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August 03, 2006

First-Rate Mediators Are Worth Their Weight In Gold.

Robert Ambrogi is an interesting guy. A lawyer and ADR specialist, he is also a polished journalist and wordsmith. Bob writes well, and economically--yet not enough of us take the time to rave about it. Go figure.

His new piece, "Do Mediators Sell Themselves Short?", in Law.com's Legal Blog Watch, started me thinking. A late convert to abitration 10 years ago, I now speak about ADR before groups, especially international ones. I finally learned that smart non-US companies--especially those based in certain European jurisdictions where court litigation really is more efficient--are not that worried about what law gets applied. Instead, they insist on binding arbitration clauses in their deals where American companies are participants because they do fear that even a fast-track federal court in the U.S. will mean excessive fees and delays.

So is ADR is always "cheaper, faster and better"? No. The quality of the arbitrator(s)--not the rules you adopt--is everything. Period. In large commercial cases, binding arbitrations are not cheap. A panel of three blue-ribbon arbitrators, experts, far away venues, and travel and lodging will cost you. Arbitrations, moreover, often take on the tenor and procedures of "real" trials, and many are quite lengthy. Finally, many decisions and awards are honest but "less than scholarly". If you have great facts and winning law, you might be disappointed.

And why mediate? If it's not binding, what's the point? Isn't it just another expense? I used to ask the same questions. The answer is that mediation is very effective when you don't want a binding result and if you have a very good mediator. I concluded this in 1999 during a productive eve-of-trial mediation in Salt Lake City in which a hard-working mediator gave three pumped-up parties and their counsel new takes on their respective cases in a day's work. If a mediator pro-actively, thoughtfully and energetically guides all parties, mediation can serve as a sober reality check on how a judge, or even a jury, might view the facts and decide.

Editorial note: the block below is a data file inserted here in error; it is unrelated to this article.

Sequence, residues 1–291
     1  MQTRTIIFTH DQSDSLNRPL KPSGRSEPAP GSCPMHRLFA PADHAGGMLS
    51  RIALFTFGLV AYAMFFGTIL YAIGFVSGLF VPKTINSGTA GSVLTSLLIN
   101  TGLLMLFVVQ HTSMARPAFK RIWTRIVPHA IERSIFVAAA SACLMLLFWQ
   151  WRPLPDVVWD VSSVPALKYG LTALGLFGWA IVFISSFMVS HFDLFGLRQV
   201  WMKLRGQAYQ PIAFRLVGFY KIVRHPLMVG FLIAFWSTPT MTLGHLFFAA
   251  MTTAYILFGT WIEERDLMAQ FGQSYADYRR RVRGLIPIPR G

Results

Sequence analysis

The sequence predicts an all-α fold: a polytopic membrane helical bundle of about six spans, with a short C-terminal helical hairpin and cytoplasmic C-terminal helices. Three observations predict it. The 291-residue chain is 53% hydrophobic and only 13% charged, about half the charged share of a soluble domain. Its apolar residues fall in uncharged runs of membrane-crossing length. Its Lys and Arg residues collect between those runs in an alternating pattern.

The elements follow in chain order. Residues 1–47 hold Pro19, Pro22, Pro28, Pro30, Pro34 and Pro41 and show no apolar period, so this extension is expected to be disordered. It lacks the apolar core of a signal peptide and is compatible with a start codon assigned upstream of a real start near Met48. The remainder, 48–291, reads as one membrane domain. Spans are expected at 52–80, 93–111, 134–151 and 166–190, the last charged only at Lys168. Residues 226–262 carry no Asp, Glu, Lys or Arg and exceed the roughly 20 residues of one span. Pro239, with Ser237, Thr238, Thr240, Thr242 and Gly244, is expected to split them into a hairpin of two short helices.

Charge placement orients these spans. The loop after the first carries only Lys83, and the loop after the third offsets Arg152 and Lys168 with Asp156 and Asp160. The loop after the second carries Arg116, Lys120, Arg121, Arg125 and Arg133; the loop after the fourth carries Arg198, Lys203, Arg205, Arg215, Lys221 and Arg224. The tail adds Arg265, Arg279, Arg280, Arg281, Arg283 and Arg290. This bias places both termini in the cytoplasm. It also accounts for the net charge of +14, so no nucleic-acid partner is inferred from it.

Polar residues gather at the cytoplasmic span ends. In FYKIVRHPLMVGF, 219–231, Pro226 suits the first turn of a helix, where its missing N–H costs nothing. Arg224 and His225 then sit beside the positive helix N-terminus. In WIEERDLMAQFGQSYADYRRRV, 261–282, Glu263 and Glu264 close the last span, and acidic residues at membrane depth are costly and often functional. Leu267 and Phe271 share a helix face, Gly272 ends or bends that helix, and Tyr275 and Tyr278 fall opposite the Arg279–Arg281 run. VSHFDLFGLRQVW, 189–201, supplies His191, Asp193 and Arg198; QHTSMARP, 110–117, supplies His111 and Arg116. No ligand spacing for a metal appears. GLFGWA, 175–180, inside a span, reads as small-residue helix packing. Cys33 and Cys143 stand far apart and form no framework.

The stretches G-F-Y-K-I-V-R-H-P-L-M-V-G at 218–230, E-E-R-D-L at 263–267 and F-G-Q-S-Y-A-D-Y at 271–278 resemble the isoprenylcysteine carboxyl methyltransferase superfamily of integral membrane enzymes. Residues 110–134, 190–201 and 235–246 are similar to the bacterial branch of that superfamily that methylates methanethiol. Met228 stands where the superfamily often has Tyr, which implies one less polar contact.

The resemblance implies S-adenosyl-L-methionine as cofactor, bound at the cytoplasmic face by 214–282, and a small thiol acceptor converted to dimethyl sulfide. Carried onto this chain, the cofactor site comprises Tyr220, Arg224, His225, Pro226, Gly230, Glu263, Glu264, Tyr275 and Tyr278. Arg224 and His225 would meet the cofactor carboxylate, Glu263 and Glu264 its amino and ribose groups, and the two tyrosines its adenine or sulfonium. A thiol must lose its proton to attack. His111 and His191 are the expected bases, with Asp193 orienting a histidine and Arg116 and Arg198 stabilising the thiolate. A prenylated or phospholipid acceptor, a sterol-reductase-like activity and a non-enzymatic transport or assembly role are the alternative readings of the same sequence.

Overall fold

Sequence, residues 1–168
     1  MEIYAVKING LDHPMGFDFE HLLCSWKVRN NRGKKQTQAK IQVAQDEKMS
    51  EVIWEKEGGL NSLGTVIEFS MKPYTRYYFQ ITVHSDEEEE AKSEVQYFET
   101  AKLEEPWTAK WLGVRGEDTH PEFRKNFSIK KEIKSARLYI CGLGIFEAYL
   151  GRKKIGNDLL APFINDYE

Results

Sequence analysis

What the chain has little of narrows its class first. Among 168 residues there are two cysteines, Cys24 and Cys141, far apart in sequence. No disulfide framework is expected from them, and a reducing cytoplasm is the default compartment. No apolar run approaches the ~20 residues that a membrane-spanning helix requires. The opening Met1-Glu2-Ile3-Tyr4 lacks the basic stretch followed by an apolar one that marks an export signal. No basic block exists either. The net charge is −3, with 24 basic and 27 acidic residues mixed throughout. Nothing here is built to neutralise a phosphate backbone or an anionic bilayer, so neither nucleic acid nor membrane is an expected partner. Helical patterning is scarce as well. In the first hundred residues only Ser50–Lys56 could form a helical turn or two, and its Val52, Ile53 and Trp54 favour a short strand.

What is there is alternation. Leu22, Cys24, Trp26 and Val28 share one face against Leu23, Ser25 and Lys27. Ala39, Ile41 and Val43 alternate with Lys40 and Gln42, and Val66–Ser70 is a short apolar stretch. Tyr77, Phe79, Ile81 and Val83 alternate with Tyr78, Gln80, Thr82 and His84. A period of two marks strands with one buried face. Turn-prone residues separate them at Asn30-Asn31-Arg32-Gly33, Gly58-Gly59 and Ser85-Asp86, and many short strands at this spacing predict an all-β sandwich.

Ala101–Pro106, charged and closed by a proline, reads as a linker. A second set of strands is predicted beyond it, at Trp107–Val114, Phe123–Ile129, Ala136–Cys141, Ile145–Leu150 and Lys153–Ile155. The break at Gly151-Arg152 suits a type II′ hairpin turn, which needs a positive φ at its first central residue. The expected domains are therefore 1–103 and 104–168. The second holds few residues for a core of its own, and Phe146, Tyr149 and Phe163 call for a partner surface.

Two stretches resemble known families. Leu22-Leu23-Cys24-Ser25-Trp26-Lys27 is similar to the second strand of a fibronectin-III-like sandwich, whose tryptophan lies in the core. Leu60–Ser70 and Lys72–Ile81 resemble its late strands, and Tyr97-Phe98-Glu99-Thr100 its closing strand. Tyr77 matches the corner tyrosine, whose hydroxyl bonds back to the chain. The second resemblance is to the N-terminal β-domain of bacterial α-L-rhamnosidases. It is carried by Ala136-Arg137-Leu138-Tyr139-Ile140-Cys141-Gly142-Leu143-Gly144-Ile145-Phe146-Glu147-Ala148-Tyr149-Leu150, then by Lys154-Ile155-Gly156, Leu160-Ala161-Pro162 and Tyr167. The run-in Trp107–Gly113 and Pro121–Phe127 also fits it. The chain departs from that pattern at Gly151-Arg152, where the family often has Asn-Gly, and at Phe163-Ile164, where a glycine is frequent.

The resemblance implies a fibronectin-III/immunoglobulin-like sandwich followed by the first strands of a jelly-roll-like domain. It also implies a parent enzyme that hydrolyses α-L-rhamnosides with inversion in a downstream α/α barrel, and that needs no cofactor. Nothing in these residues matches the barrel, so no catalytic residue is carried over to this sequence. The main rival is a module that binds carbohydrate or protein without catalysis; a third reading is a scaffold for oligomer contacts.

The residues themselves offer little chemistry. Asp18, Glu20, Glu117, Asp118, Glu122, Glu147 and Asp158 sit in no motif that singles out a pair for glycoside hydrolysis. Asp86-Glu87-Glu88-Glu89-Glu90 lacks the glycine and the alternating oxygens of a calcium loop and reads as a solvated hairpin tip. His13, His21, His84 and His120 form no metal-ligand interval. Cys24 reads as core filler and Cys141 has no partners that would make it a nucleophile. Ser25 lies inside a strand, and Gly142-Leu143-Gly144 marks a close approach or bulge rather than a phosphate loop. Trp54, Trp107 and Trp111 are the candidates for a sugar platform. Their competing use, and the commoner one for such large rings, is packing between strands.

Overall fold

So in Utah my GC--who loves trials as much as I do--and I settled it. And we settled "well", without regret and with our eyes open. We paid the arbitrator, handsomely, as I recall, and it was worth it. Since then my firm has used mediators sparingly, at the right times and in the right circumstances. Getting back to Bob's article, a skilled and skillful mediator works (a) very, very hard and is (b) worth his or her weight in gold. By all means, pay them. And maybe pay them more than arbitrators. What they do takes a mix of legal ability, people skills and energy that very few of us have.

Posted by JD Hull at August 3, 2006 04:45 PM

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